The Old South wasn’t really that old. Plantations appeared in many areas of the Deep South only a few decades before the Civil War.
Before that, the South was Indian country.
The South’s long and rich Indigenous history is unknown to many Americans. But once you look, the signs are everywhere: in Native place names (Alabama, Arkansas, Chattahoochee, Tallahassee, Tennessee); in hundreds of earthen mounds—some half-destroyed, others still towering; and in the Native communities that remain in or near their homelands.
Native people and their pasts have been marginalized in Southern history because Indian Removal, the cornerstone of Andrew Jackson’s presidency, sought to erase Southern Indians—from the land and from historical memory.
Uncovering the history of Southern Indians reveals that the Old South was more than the Confederacy and Lost Cause mythology. Before the European invasion and even into the colonial period, the South had the highest Native population density north of Mexico. And long before secessionists tried to distinguish themselves from other Americans, Native peoples of the South recognized cultural commonalities, and distinguished themselves from their Iroquoian rivals to the north by calling themselves “Southern nations.”
Southern Native women, who managed agriculture, developed specialized regional varieties of corn. Thanks to the region’s subtropical climate, they produced two crops per year. Women’s leading role in farming is probably related to the region’s matrilineal kinship system, wherein families reckoned descent through the mother and passed property and titles through the maternal line.
In time, the region’s large population, agricultural productivity, and booming trade networks gave rise to chiefdoms, nations, and even cities. The largest city was Cahokia, just east of modern-day St. Louis, which was bigger than London when it boomed around 1050 A.D. Cahokia boasted almost 20,000 residents in town and another 20,000 in the surrounding areas. It took centuries of North American colonialism for European settlers to surpass it, when Philadelphia did so in the 1760s.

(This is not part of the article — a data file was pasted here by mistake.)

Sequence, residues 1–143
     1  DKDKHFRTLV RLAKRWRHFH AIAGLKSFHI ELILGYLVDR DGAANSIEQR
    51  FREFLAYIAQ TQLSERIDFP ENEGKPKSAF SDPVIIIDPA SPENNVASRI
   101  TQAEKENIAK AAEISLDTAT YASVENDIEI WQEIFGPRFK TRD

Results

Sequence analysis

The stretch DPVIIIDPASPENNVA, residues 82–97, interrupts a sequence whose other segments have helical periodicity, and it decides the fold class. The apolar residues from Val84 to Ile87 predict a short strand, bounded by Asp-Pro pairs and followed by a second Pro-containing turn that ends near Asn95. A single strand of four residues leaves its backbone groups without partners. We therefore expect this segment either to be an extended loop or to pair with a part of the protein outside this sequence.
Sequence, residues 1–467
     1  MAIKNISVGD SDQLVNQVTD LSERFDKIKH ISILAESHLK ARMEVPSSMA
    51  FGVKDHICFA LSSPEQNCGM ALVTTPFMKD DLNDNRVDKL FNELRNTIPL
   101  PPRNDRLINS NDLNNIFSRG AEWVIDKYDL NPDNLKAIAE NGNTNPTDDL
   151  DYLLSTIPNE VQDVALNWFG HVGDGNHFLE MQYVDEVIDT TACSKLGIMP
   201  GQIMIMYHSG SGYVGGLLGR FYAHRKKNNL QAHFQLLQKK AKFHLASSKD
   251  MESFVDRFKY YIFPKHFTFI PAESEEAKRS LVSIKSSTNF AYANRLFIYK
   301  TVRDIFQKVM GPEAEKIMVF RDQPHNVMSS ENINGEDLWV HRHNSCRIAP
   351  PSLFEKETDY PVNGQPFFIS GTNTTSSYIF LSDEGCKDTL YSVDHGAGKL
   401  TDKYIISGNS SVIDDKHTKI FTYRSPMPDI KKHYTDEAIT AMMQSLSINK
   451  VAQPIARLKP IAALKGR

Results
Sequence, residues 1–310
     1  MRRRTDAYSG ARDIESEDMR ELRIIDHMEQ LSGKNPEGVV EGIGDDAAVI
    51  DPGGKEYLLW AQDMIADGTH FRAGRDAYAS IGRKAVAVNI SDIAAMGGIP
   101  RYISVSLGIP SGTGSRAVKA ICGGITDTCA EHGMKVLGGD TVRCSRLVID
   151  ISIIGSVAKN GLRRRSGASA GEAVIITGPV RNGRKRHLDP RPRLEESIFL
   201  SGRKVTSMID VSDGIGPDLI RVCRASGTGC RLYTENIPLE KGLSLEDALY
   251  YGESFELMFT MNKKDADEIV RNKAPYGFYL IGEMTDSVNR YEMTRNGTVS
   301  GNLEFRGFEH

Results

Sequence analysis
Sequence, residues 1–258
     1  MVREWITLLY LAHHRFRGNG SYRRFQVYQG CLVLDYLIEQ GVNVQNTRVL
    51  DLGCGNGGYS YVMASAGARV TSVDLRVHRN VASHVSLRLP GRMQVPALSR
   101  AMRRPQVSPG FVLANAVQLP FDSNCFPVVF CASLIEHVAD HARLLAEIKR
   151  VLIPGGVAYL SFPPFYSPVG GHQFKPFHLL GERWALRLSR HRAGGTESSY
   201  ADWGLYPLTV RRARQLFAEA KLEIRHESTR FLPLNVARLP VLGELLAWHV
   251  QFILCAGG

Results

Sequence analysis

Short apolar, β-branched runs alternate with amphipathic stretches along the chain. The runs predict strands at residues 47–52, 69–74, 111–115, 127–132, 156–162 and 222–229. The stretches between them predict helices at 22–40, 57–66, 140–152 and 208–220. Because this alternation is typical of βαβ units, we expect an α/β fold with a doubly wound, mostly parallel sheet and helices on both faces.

Although most Americans associate the Trail of Tears exclusively with the Cherokee Nation, Indian Removal was a blanket policy aimed at “removing” all Eastern Indians west of the Mississippi River. In total, 100,000 Indians were forced to leave. Most came from the South, where settlers coveted the rich lands—potential cotton fields—still controlled by large Indian nations.
There had been removals before. Beginning in the 17th century, colonists forced some Indian nations onto small reservations after devastating wars. After the Revolution, the United States aggressively sought Indian land through warfare and treaties.
The Indian Removal Act, passed in 1830, was different. For the first time, Congress and the president used the power of the federal government to undertake removal on a massive scale. Despite objections from many corners—the U.S. Supreme Court, Indian leaders, and activists—Jackson pushed ahead, exceeding the letter of the law to achieve removal by any means.
Many U.S. citizens championed Jackson’s resolve, especially the newly empowered middle-income and poor white men eager to claim the spoils of Indian country. In addition to economic demand, Jackson and his allies seized on a new racial ideology.
Formerly, most U.S. policymakers, influenced by the Enlightenment, argued that environment—culture, language, food, and education—accounted for human differences. Beginning in the 1820s, however, the new pseudoscience of phrenology declared that human differences were biological and immutable. Conveniently, white supremacists cited this theory to support Indian Removal and the growth of slavery. Contested at the time, and then firmly discredited, “scientific racism” unleashed monstrous legacies that persist to plague our present.